Director: Robert Rodriguez | Screenwriter: James Cameron, Laeta Kalogridis | Cast: Rosa Salazar, Christoph Waltz, Jennifer Connelly, Mahershala Ali, Ed Skrein, Jackie Earle Haley | Distributor: 20th Century Fox | Running Time: 122 min. | MPAA Rating: PG-13
A long time ago, I heard tell of James Cameron stating his desires to make a movie based off the manga and anime Battle Angel: Alita. I doubted it. This was the era where there was also news swirling of a Neon Genesis Evangelion movie. Cameron still seemed committed to the idea but his schedule grew busier with his underwater documentaries and directing another box office titan, Avatar. But he kept his word and now we have what is perhaps one of the most faithful American adaptations of a Japanese manga and anime.
What I knew initially was that Cameron, despite only writing and producing, wouldn’t let us down when it came to visuals and violence. He retains most of the original story’s dark nature in portraying a vivid and
Alita is obviously a lot different from the other cyborgs of the grim and grimy future and it’s not just because of her exaggerated anime eyes. It turns out she’s a skilled warrior capable of some ancient fighting style from the old days of the great war (there’s always a great war in these dystopian tales). Trying to learn the truth won’t be easy, especially since she slowly learns she can’t trust anyone. From kindly street rats to ruthless bounty hunters to deceptive men of business, it seems that nearly everyone is holding something from back from Alita, including Ido. All of it relates back to
Alita’s world is weird but it suits director Robert Rodriguez who always tends to favor his films a bit over the top. Similar to how he staged his adaptation of the gory noir Sin City, he directs this film with plenty of fight scenes that push the PG-13 rating as high as it can go. It turns out that with a lack of blood and lots of cyborg characters, you can boast plenty of amputation and decapitation that pack a real punch. And Alita makes plenty of room for these kick-butt scenes that make the picture its own, from bar brawls to the sport of Motorball which looks like a more chaotic version of Rollerball with cyborgs.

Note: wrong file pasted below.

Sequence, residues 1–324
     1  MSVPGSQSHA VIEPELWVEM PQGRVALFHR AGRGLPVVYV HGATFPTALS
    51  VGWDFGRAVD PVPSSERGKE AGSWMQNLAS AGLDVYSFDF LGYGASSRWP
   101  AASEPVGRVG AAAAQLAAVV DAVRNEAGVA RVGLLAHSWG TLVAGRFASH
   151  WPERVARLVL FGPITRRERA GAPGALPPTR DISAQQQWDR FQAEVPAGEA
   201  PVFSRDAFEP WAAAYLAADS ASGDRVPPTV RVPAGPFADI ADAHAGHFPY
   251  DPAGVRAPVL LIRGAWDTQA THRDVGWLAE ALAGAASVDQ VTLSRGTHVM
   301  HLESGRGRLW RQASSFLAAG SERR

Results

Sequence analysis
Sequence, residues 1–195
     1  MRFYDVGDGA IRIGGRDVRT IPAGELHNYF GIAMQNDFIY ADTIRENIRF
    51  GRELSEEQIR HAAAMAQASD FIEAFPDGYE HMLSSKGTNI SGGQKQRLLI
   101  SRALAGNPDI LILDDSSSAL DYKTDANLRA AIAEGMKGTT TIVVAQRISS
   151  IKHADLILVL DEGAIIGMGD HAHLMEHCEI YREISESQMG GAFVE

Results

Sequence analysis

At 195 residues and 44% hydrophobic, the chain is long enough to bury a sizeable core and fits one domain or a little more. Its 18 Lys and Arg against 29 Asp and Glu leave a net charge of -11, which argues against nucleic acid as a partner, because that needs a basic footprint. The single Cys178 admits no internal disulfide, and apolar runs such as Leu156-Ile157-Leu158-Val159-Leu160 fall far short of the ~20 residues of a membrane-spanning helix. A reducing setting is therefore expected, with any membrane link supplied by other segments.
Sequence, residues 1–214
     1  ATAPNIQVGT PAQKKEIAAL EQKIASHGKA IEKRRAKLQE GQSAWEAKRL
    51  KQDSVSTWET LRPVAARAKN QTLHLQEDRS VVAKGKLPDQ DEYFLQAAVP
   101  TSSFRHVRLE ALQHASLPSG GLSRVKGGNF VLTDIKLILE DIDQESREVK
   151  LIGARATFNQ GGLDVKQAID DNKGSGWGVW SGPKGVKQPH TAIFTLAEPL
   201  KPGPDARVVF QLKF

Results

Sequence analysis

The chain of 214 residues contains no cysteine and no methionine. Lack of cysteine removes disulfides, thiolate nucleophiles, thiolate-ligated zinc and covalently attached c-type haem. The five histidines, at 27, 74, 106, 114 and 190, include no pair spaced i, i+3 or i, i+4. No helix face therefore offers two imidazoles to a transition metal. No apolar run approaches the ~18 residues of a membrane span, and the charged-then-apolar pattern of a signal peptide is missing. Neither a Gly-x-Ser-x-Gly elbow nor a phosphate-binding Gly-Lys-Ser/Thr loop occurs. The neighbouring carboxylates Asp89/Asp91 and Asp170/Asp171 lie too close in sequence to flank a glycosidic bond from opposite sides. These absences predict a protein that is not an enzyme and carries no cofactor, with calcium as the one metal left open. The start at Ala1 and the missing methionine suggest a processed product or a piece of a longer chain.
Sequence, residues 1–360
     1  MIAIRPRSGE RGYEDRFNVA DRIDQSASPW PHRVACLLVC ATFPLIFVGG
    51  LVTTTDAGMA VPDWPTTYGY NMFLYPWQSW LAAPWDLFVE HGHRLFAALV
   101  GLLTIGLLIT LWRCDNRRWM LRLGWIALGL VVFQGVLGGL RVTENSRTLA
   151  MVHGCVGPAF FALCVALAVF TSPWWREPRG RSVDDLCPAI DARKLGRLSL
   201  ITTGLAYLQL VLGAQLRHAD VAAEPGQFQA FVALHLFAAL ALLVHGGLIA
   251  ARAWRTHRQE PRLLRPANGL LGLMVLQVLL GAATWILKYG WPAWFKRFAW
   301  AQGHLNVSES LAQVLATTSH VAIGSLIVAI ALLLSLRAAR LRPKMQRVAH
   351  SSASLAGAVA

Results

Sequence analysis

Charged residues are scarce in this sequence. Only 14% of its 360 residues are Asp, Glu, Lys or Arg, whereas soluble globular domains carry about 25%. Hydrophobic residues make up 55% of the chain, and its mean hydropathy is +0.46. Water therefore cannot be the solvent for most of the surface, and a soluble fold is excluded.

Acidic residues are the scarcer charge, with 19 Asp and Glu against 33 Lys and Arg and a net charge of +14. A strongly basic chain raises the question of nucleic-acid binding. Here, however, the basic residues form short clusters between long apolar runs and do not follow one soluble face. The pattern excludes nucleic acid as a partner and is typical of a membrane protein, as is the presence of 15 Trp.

Most surprising about the film was how apt it is with adhering to the source material, given that such faithfulness is a rarity among these American anime adaptions. Rewatching the original anime, I was surprised by how dark and depressing the content was given that there’s a tragic romance and the gutting of a dog. I never expected those scenes to be present in the film but not only are they here, they’re perfectly timed to the story with plenty of faithful scenes that while not as explicit still get the tone right.
I realize that a faithful anime-to-American-live-action treatment doesn’t exactly have the highest of standards and Alita certainly isn’t without fault. It’s a film so committed to its scenario that most of the dialogue becomes clinical and the heavier emotional aspects fall flat. But when the film embraces its oddities of cyborgs and the briskness of the brutality, the shinier parts of this cyberpunk adaptation shine all the brighter. Cameron’s vision for an anime transition to the big screen may have taken over a decade but it arrives with a lot more polish and punch with most anime adaptations that struggle to find a script and an atmosphere. Both Cameron and Rodriguez come into Alita with eyes as perceptive and ambitious as the oversized one’s in Alita’s head.